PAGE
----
Dianne Durham, First Black Woman to Win a USA Gymnastics National Championship, Dies at 52

Dianne Durham of Gary, Ind., eyes the uneven parallel bars as she starts her routine in the women’s individual finals of the McDonald’s International Gymnastic Championships in Los Angeles, Aug. 29, 1983. Durham won the silver medal in the event but had to withdraw from two other events because of an earlier injury. Durham had previously won the all-around competition Saturday at the Championships.
Dianne Durham of Gary, Ind., eyes the uneven parallel bars as she starts her routine in the women’s individual finals of the McDonald’s International Gymnastic Championships in Los Angeles, Aug. 29, 1983. Durham won the silver medal in the event but had to withdraw from two other events because of an earlier injury. Durham had previously won the all-around competition Saturday at the Championships.
Photo: Lennox McLendon (AP)

Before Dominique Dawes, Simone Biles and Gabby Douglas there was Dianne Durham. The first Black woman to win a USA Gymnastics national championship died in Chicago Thursday at age 52.

According to the Associated Press, Durham’s husband, Tom Drahozal, said that she died of a “short illness” in a Chicago hospital with him and her sister, Alice Durham, at her side.

“She passed peacefully,” Drahozal told ESPN. “She was the love of my life and everything I could have asked for. She was as beautiful a person away from gymnastics as she was within the sport.”

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Durham—who was born in Gary, Indiana, on June 17, 1968was 14-years-old when she won the all-around title at the 1983 U.S. National Championships.

From ESPN:

Known for her combination of grace, artistry and power, as well as her joyful personality, Durham and her teammate, Mary Lou Retton, pulled the sport of gymnastics into an era dominated by power tumbling and fast-paced progression.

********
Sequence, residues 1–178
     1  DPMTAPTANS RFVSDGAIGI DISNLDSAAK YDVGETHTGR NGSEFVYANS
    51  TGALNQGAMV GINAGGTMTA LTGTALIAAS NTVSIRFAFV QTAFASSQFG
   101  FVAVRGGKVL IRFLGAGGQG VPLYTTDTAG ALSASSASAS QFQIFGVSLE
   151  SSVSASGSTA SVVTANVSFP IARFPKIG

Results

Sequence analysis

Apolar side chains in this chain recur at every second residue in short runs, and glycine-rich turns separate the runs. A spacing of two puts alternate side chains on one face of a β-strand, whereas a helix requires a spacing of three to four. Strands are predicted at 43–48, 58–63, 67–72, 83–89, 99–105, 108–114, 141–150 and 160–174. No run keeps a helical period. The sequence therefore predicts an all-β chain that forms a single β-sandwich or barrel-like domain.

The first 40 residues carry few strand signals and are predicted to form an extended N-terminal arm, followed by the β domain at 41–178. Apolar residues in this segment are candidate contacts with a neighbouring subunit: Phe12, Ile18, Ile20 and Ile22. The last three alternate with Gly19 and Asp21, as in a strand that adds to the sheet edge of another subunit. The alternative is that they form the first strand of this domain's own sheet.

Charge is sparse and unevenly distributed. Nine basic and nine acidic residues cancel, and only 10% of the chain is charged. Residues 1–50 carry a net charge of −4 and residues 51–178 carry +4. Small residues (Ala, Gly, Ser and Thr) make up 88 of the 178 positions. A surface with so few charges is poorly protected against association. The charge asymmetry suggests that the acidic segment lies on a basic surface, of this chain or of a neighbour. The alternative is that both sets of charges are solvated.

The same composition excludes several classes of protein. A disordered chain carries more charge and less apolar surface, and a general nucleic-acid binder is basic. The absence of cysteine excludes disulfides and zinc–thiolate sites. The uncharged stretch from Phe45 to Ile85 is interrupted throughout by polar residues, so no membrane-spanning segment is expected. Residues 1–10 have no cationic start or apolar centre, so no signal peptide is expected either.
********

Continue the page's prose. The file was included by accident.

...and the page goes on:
The last gymnast to beat Retton in all-around competition, in the lead-up to the 1984 Los Angeles Olympics, Durham was deprived of a spot on the team due to a combination of injuries and politics.

But it is her achievement as 1983 senior national champion, which launched not only Durham but her coaches, Bela and Martha Karolyi, onto the national stage, for which Durham is most remembered.

“People said, you’re the first Black — I’m using ‘Black’ because ‘African American’ wasn’t a term in my era — national champion. Do you know that didn’t go through my head one time?” Durham told ESPN last summer. “Not one time. Do you know how many people had to tell me that? I could not understand why that was such a humongous deal.”

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Durham may not have immediately understood at the time the significance of being a Black champion in a sport dominated by white women, but she was well aware of racism in America.

Days after the killing of George Floyd and amid the wave of anti-racism protests that followed, she posted on Facebook her disgust at “recent events in Georgia, Kentucky and Minnesota,” referring to the deaths of Floyd, Ahmaud Arbery and Breonna Taylor. She called their deaths a “step backwards” for racial progress in America before speaking on her own experiences of discrimination.

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In my own life and gymnastics career I encountered discrimination and prejudice,” she wrote.It didn’t stop me from reaching all of my goals, but it did play a role in preventing me from reaching some of my biggest goals. I have been blessed to have had the support of family and friends of all races to help me get through the tough times.”

According to AP, it was an ankle injury she sustained on the vault event that led to Durham missing an opportunity to be on the U.S. Olympic team, but that would hardly be the end of her career in the sport.

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In fact, Durham would go on to coach other gymnasts with the Karolyis in Houston, Texas, before moving to Chicago where she met her husband and became a national-level judge and a coach as well as the owner of her own gym.

“I’ve had so many former gymnasts send me messages today,” Drahozal told ESPN. “They said she was tough, a great coach who they loved and that she was a great role model for them. I think Dianne would want to be remembered for her personality, and also as a pioneer for minority gymnasts. She was one of the greatest gymnasts of her era, but she also opened the door for the great Black gymnasts who came after her.”

Zack Linly is a poet, performer, freelance writer, blogger and grown man lover of cartoons

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DISCUSSION

She should have been on the 1984 Olympic team. A real pioneer.

RIP.